Originally posted by Skynet
no I am afraid you don't understand the point at all. Future DX8/9 games are going to be much more video card dependent and less CPU intensive.
to quote Gandalf in the Fellowship of the Ring movie, "you know this? how?" me thinks you are trying to look into the palantir when you shouldn't.
I understand that the CPU still has to do some physics/AI etc. but that computational load is must less intense than shifting around billions of pixels. 3DMark03 is designed properly for the future of gaming and gaming cards.
again, what makes you think this? have video card companies been saying that the CPU is no longer as necessary for the DX9 generation of games? have game developers been saying that? those aren't rhetorical questions. please give me the evidence
behind your statements. you seem awfully sure of yourself.
look back a few years to the lates 90s. the GeForce256 was just announced with this amazing thing called a hardware Transform & Lighting engine. it was supposed to usher in a new era of high polygon gaming and make the need for upgrading CPUs less. suddenly, slower CPUs would be just as good as fast CPUs because the great number of graphical calculations would be offloaded from CPUs and done on the GPU. games utilizing T&L(ie DX7 games) were supposed to be right around the corner and everyone was supposed to be delighted that this video card would be awesome and extend the life of a computer's CPU.
flash forward to the present day, some 3-4 years later. obviously it took a lot longer for real DX7 games to show up. UT2003 makes good use of T&L, and Doom3 is based on the featureset of the gf1 as the minimum hardware needed to render.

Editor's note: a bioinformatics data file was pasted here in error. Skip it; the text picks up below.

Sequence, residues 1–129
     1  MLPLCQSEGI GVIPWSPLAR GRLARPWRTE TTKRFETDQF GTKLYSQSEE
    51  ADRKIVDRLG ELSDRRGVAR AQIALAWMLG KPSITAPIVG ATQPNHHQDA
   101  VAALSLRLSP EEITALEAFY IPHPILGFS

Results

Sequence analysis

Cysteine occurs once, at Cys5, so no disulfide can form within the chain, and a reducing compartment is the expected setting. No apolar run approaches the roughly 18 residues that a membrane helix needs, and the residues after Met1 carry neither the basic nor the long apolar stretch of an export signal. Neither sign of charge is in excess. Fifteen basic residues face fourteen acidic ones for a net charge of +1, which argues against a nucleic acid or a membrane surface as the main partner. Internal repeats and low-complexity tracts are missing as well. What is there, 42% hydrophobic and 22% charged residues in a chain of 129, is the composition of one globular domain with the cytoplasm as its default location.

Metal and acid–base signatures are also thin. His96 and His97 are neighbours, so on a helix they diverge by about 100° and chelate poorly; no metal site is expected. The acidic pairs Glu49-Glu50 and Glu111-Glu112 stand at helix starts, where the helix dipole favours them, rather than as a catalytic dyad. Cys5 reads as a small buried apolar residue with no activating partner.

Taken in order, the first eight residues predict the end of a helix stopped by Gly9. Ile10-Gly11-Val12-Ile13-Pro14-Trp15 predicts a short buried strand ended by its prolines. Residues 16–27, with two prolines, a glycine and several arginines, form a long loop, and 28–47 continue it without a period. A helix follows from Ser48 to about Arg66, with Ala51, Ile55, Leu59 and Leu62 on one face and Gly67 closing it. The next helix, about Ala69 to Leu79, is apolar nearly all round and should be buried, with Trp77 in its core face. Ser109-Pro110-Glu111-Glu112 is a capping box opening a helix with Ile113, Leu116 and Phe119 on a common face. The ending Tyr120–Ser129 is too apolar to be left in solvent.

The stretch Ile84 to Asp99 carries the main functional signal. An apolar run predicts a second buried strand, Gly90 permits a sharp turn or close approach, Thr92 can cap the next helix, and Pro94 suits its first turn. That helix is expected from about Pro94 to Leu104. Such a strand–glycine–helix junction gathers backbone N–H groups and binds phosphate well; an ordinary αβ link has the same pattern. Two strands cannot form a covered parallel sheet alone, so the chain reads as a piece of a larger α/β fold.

now, look at the many DX7 and DX8 games that have been released. almost all of them are very CPU dependent
physics and AI will keep improving. coders will take advantage of and use available CPU power where they can. if that means that this time the CPU will be offloaded so it can do AI and physics(a promise of DX7 and T&L which never really happened, if anything games became more CPU dependent), then we'll be just as CPU limited down the road as we've always been.
you severely underestimate the computation required for good physics and good AI. remember Tresspasser? remember how slow it was? that was the remarkable physics engine it had at the time. and the physics were still far, far from perfect(if i remember there was little to no friction when moving objects).